Massive digital misinformation is becoming pervasive in online social media to the extent that it has been listed by the World Economic Forum (WEF) as one of the main threats to our society (23). To counteract this trend, algorithmic-driven solutions have been proposed (2429), e.g., Google (30) is developing a trustworthiness score to rank the results of queries. Similarly, Facebook has proposed a community-driven approach where users can flag false content to correct the newsfeed algorithm. This issue is controversial, however, because it raises fears that the free circulation of content may be threatened and that the proposed algorithms may not be accurate or effective (1011,31). Often conspiracists will denounce attempts to debunk false information as acts of misinformation.

Whether a claim (either substantiated or not) is accepted by an individual is strongly influenced by social norms and by the claim’s coherence with the individual’s belief system––i.e., confirmation bias (3233). Many mechanisms animate the flow of false information that generates false beliefs in an individual, which, once adopted, are rarely corrected (3437).

In this work we provide important insights toward the understanding of cascade dynamics in online social media and in particular about misinformation spreading.

We show that content-selective exposure is the primary driver of content diffusion and generates the formation of homogeneous clusters, i.e., “echo chambers” (10113839). Indeed, our analysis reveals that two well-formed and highly segregated communities exist around conspiracy and scientific topics. We also find that although consumers of scientific information and conspiracy theories exhibit similar consumption patterns with respect to content, the cascade patterns of the two differ. Homogeneity appears to be the preferential driver for the diffusion of content, yet each echo chamber has its own cascade dynamics. To account for these features we provide an accurate data-driven percolation model of rumor spreading showing that homogeneity and polarization are the main determinants for predicting cascade size.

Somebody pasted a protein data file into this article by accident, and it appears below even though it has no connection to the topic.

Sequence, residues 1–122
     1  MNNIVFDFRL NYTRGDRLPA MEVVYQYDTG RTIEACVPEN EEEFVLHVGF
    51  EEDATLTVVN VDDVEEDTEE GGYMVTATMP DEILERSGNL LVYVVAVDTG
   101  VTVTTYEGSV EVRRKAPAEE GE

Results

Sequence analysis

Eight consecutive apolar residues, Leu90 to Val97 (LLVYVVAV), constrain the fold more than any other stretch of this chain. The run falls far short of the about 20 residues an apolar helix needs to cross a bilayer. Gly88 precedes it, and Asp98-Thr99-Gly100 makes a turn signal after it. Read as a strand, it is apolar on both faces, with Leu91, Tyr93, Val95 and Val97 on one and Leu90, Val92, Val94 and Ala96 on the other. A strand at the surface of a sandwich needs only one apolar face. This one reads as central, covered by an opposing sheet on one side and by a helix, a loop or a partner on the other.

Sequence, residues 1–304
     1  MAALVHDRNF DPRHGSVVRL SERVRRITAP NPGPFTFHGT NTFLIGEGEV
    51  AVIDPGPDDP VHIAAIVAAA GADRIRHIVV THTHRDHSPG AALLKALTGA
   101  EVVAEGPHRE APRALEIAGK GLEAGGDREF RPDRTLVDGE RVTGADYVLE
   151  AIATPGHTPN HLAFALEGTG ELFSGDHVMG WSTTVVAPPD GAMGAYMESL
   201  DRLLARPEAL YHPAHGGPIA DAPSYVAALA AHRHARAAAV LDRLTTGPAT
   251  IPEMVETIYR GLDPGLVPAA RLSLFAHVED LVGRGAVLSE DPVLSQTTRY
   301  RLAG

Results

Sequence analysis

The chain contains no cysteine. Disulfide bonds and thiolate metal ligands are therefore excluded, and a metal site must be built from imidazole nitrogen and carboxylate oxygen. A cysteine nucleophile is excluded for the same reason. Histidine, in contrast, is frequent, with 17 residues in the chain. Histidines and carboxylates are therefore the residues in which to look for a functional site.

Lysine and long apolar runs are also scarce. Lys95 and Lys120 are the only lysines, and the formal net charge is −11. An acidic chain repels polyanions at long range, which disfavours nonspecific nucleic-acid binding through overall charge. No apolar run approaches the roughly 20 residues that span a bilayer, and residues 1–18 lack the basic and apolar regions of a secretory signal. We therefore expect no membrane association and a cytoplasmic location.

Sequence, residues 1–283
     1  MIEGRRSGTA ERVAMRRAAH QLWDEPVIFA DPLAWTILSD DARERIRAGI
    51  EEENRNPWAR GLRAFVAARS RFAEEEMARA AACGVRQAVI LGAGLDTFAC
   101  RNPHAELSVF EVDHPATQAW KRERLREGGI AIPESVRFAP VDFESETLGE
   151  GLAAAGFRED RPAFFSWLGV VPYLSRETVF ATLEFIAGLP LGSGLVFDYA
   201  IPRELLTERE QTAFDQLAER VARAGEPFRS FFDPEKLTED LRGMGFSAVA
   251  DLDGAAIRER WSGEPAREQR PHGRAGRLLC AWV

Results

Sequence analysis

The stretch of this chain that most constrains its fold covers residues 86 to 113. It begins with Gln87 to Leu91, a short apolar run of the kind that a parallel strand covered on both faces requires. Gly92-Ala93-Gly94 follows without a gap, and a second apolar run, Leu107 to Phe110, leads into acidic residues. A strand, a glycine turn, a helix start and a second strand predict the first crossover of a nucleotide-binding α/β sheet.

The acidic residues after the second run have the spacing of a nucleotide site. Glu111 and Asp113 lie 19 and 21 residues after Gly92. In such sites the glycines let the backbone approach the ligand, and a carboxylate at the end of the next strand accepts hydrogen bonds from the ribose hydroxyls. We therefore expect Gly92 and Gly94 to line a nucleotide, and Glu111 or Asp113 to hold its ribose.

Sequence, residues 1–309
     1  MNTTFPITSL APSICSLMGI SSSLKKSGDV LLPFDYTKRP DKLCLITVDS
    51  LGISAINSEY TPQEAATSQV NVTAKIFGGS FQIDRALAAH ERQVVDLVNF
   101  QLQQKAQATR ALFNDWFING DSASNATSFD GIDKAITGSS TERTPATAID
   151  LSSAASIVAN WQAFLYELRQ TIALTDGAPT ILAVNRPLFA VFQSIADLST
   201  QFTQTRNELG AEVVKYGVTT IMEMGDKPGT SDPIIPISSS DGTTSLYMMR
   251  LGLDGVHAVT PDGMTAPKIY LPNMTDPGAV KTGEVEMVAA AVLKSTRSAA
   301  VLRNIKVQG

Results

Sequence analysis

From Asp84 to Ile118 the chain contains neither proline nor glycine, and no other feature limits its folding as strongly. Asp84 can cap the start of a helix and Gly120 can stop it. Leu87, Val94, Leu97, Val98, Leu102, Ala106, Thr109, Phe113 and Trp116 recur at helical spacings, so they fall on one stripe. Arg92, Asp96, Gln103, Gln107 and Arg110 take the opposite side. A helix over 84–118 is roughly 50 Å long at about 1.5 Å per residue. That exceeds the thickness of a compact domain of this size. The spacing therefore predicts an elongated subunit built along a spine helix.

The paper is structured as follows. First we provide the preliminary definitions and details concerning data collection. We then provide a comparative analysis and characterize the statistical signatures of cascades of the different kinds of content. Finally, we introduce a data-driven model that replicates the analyzed cascade dynamics.


Ethics Statement.

Approval and informed consent were not needed because the data collection process has been carried out using the Facebook Graph application program interface (API) (40), which is publicly available. For the analysis (according to the specification settings of the API) we only used publicly available data (thus users with privacy restrictions are not included in the dataset). The pages from which we download data are public Facebook entities and can be accessed by anyone. User content contributing to these pages is also public unless the user’s privacy settings specify otherwise, and in that case it is not available to us.

Data Collection.

Debate about social issues continues to expand across the Web, and unprecedented social phenomena such as the massive recruitment of people around common interests, ideas, and political visions are emerging. Using the approach described in ref. 10, we define the space of our investigation with the support of diverse Facebook groups that are active in the debunking of misinformation.

The resulting dataset is composed of 67 public pages divided between 32 about conspiracy theories and 35 about science news. A second set, composed of two troll pages, is used as a benchmark to fit our data-driven model. The first category (conspiracy theories) includes the pages that disseminate alternative, controversial information, often lacking supporting evidence and frequently advancing conspiracy theories. The second category (science news) includes the pages that disseminate scientific information. The third category (trolls) includes those pages that intentionally disseminate sarcastic false information on the Web with the aim of mocking the collective credulity online.